The main lights were off, conserving electricity. There were only the small reading lights and, high up, the greyness that filtered in from outside. He thought of Africa; of sunshine, long beaches by a blue ocean, the green of trees and grass. It was hard to believe that in just ten days they would be there: impossible to imagine it. But it was true. Soon they would be travelling high over the frozen lands to the warm south. Things might be difficult, but there would be warmth and safety. There were only one or two moments in a man’s life when he really needed to be lucky. This was one.

  A man with a greasy blond beard, wearing a dirty raincoat, came along the aisle and stopped beside Andrew. He said, in a courteous gentle voice:

  ‘Would you by any chance have a match that I might borrow?’

  ‘Smoking’s still prohibited, isn’t it?’ Andrew asked. ‘They haven’t relaxed that rule?’

  He shook his head. ‘I don’t smoke. To start my fire, at home. I have the means of striking.’ He fished in a pocket and brought out an empty matchbox. ‘One match would be enough.’

m sorry.’

  He could have lent him his lighter; he would not need it before he got back, and Madeleine had one of her own. But it might not be returned, and a butane lighter with an almost full cartridge was too valuable a thing to take a chance on.

  The man said: ‘I’m sorry for troubling you. Thank you all the same.’

  He walked away towards the exit. Andrew saw him stop twice more and ask, with the same negative result. At the door he paused again, looking round the room in hopeless inquiry. Then he went out. As the door swung to behind him, Andrew had an impulse to go after him with the lighter. Even if it were not returned, they could manage with one for the relatively few days remaining, while that poor devil had to go back to a freezing room, and to a future equally devoid of warmth and hope. But he did not, when it came to the point, rise from his chair. Madeleine might lose her lighter, or the charge might fail prematurely. One took no chances these days. It was too cold for charity.

  Andrew turned back to his study of the thick file of The Times. As one of the Associate Editors of the programme, he was not usually required to do the menial job of research, but things, after all, were running down. This was to be the last documentary that Late Night Final, that popular television feature, would present – a final analysis of what had happened, and why. And a day or two later the transmitters would fall silent, the small screens go blank. But by that time … Africa.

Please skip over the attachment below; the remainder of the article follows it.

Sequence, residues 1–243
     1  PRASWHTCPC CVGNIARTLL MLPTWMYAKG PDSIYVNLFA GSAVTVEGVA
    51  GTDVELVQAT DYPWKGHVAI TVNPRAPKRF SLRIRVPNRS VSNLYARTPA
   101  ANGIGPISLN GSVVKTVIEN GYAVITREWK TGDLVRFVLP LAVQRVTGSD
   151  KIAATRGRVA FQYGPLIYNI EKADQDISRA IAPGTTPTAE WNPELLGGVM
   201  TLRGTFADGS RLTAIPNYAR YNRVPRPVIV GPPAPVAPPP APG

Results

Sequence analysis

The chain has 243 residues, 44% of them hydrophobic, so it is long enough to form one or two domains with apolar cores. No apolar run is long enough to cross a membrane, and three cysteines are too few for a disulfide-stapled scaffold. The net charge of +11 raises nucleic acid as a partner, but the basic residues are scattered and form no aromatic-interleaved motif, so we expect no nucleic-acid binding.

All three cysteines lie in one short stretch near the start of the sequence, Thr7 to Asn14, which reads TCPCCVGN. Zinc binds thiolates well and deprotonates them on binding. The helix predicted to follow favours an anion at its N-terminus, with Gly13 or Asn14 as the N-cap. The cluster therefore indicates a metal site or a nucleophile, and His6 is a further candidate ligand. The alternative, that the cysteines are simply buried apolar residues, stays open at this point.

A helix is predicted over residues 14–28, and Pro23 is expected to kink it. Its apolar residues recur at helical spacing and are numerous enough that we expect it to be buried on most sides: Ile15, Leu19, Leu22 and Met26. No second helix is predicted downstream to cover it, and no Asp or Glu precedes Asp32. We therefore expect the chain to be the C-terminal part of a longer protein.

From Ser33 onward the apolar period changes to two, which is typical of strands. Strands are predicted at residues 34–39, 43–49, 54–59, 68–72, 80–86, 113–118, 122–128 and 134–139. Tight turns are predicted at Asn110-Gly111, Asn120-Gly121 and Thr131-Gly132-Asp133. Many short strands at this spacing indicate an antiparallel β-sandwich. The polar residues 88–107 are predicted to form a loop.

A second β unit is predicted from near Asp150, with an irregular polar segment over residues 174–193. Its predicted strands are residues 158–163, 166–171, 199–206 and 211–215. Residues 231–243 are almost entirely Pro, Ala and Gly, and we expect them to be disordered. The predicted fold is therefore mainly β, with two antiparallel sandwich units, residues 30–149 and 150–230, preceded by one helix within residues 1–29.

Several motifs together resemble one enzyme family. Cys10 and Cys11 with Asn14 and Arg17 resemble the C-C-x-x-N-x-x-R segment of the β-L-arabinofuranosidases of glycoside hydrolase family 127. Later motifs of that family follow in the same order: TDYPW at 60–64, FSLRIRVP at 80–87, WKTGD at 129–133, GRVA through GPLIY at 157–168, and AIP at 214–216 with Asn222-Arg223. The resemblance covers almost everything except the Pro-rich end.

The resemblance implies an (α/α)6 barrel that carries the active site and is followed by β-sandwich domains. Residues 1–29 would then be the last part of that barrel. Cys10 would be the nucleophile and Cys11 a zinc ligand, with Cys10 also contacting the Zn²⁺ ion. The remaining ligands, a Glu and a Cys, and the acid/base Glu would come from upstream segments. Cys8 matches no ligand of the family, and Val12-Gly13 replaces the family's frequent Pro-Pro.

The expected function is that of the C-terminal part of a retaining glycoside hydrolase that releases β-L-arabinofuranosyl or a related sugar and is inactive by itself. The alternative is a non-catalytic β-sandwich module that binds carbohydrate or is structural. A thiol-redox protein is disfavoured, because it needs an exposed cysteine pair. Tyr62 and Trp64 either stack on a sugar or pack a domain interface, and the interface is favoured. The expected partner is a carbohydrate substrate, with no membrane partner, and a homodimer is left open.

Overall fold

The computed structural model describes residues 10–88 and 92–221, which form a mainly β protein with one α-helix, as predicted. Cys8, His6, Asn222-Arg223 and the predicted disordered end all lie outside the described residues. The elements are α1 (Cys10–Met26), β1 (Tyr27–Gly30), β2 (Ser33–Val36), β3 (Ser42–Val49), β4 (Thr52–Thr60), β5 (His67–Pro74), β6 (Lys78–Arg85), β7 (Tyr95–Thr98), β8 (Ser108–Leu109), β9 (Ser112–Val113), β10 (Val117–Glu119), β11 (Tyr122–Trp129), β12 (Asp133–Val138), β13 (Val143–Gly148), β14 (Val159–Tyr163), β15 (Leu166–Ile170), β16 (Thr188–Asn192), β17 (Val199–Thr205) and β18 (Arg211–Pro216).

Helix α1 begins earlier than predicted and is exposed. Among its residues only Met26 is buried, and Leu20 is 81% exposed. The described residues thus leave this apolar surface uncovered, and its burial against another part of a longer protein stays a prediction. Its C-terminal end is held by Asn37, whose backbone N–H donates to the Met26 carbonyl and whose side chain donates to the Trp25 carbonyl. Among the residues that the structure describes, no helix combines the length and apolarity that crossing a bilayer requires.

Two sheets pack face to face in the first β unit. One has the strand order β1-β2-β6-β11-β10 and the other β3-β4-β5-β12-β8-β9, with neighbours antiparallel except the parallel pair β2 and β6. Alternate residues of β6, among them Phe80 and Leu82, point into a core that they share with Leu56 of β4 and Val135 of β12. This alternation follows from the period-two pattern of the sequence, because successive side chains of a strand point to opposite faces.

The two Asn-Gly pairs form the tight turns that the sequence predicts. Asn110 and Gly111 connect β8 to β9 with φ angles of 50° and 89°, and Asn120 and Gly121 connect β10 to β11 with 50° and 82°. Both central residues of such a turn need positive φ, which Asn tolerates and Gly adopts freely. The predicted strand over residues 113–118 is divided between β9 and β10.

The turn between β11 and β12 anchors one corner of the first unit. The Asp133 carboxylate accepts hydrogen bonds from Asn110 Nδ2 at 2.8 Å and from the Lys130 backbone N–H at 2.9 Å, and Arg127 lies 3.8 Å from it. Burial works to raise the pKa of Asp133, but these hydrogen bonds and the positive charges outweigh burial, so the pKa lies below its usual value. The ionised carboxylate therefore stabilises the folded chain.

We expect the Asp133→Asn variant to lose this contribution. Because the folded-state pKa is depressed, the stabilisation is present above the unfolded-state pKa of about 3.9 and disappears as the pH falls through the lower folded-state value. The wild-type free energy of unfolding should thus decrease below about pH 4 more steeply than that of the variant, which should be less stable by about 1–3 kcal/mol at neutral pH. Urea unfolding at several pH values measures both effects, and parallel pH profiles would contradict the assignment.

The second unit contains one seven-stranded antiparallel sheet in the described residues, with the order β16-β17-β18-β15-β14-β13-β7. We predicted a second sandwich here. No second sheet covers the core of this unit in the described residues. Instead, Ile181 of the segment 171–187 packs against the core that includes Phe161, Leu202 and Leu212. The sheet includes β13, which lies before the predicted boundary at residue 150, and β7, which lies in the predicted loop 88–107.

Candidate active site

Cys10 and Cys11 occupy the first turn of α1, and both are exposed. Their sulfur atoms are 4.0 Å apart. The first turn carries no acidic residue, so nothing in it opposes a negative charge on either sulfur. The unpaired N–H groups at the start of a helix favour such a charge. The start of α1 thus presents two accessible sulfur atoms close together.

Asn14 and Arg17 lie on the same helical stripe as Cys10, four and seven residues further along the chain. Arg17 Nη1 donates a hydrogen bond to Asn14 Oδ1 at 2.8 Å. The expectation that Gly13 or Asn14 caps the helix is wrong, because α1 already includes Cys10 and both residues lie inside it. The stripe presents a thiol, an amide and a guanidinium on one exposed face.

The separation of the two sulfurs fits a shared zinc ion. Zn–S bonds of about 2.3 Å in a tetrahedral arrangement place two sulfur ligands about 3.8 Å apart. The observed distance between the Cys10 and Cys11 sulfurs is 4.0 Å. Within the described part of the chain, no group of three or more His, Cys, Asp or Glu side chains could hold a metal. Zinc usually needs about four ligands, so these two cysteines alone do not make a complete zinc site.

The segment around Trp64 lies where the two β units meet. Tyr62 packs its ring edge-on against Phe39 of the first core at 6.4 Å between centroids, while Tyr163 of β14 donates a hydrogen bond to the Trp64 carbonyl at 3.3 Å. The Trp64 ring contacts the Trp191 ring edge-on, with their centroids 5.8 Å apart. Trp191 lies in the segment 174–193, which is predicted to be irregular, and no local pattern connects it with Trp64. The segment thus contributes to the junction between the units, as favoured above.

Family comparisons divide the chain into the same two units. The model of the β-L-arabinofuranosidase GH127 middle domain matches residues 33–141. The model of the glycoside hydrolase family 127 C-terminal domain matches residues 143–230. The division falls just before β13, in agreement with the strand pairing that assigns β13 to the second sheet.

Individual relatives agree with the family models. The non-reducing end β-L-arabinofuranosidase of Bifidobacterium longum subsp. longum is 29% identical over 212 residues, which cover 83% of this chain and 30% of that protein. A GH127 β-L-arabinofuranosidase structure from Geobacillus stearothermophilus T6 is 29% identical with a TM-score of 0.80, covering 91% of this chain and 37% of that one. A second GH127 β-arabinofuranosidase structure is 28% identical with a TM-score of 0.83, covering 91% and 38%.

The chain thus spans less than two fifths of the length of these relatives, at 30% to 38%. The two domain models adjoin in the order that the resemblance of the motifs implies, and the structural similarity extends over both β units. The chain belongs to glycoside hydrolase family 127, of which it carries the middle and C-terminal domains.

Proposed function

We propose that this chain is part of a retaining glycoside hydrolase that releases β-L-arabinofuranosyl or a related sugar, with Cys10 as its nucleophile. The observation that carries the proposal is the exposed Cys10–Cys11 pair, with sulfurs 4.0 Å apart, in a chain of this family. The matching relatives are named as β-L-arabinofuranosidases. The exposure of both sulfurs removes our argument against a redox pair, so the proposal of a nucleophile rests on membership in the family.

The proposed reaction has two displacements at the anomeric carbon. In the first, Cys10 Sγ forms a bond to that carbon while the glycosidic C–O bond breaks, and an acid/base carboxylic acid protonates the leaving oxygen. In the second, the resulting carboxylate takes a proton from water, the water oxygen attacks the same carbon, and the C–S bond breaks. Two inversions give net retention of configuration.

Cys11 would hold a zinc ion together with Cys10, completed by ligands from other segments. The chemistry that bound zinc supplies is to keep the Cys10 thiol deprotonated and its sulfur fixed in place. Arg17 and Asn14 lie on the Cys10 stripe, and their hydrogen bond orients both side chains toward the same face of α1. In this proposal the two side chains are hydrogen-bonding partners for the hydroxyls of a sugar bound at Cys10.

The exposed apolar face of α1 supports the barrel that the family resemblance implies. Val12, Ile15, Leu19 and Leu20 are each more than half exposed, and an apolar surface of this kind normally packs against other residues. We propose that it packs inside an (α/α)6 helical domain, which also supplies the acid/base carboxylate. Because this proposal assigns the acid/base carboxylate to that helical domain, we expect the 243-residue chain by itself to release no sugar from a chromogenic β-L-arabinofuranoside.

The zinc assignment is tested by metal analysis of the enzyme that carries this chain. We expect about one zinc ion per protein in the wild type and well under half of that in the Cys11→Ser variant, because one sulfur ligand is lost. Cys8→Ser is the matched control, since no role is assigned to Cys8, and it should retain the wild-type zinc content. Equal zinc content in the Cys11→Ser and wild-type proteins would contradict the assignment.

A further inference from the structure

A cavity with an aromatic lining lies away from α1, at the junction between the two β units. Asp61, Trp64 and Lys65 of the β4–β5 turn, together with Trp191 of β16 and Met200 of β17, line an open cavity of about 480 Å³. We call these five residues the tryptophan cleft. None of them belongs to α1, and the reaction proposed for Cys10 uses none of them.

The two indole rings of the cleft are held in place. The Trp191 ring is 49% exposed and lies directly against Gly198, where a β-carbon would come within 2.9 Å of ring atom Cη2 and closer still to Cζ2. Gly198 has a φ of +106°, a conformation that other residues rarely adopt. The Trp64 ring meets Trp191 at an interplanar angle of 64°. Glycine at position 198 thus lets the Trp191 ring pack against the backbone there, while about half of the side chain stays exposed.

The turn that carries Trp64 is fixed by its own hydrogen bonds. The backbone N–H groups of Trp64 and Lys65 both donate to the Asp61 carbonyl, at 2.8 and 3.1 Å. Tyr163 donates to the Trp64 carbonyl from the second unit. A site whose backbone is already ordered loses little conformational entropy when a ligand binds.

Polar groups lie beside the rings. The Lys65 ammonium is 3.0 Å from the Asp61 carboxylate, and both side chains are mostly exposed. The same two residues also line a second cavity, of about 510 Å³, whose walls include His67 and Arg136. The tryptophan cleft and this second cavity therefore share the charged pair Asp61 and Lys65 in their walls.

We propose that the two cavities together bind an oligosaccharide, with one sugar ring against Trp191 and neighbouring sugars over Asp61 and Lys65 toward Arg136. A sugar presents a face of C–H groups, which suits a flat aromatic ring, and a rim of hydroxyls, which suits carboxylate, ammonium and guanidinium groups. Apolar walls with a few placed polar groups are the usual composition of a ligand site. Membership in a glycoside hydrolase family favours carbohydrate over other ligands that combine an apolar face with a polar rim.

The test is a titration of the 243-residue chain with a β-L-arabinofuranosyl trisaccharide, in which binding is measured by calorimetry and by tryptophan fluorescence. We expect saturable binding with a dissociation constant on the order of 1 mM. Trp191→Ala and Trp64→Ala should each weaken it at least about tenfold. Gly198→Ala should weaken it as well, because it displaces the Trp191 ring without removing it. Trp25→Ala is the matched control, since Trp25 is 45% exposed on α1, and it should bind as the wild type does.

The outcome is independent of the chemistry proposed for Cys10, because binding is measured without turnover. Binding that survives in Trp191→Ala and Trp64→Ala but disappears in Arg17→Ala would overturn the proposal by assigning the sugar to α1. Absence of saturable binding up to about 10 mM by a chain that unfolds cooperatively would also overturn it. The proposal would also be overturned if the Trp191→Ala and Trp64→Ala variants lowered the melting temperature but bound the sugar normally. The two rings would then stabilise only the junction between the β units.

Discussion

The light was poor, the bulbs glowing dully on the inadequate voltage. He ruffled the pages back awkwardly, peering at dates and headlines – back through the early days of scientific reports, dubious prognostications, tucked away in inconspicuous places, with headings like: NEW SATELLITE PROBE CONFIRMS SOLAR RADIATION DECLINE. The beginning was before that; in the intervals, people had died and loved, killed and been born and been betrayed. Between the world’s catastrophes and those of the individual man, relationships were mostly coincidental. The day of Hiroshima was a birthday or a wedding anniversary, or the day an old dog, dying in the sunshine on the lawn, took a childhood with it.

  He found what he was looking for at last: the report of an obscure speech by an obscure Italian scientist at an unimportant conference. There was no main headline, but a small side-head said: Radiation Cycle in the Sun Suggested. They had given Fratellini’s speech five lines; the rest of a long paragraph was devoted to something on polar magnetic fields.

  It was a small signpost, he reflected with irony, to point to such large things – to the world’s wreck and to his own cuckoldry.


  It was difficult to tell, looking back, how good a summer that had been. The records gave a statistical answer – at Kew, the century’s fourth best for dryness, the third best in hours of sunshine. But all those previous seasons, that had matched this one or even surpassed it, were blurred in the memory by other springs, other summers. This was different, a C Major crescendo that lingered in the heart, a recollection of love across the dry divide of age. There were brief spells of poor weather, one in July, another early in September. For the rest, what breaks came in the continuation of warm blue days were no more than pauses, preparing for still more brilliant skies. From Sicily to the shores of rocky Norway, Europe basked in the heat.

  In Andrew’s life, too, as he saw it at the time, it was a season of brightness. His job filled the three criteria for satisfaction: he enjoyed it, he had confidence in his ability to do it well, and his work was appreciated in the right quarters. Behind this lay a family life which offered him, he thought, all that a man needed.

  The Leedons had been married for eleven years and had two children, boys of ten and eight. Carol had been, when Andrew married her, a girl of startlingly good looks, and in her early thirties she was still beautiful. She had heavy chestnut hair and blue eyes, a clear skin touched with rose, and features that, apart from the obvious qualities of regularity and proportion, showed contentment and, for men, a promise of peace. The promise, Andrew had found, was misleading: there was more selfishness and laziness in her nature than generosity. But her faults were moderate. They did not make her too difficult to live with; and she had an ease, a naturalness, both in crises and in the everyday tension of life, which, he felt, more than compensated for them. He was fond of her, and still capable of being excited by her body. Perhaps more than that he was proud of her beauty and her presence; a little surprised, even after eleven years, at his own triumph in having captured her, but no longer questioning the fact of his achievement. He had never, for a moment, regretted his marriage, nor wanted another woman with anything but momentary desire. Had he ever put the question to himself, he would have said that he loved her; but the question would have embarrassed him.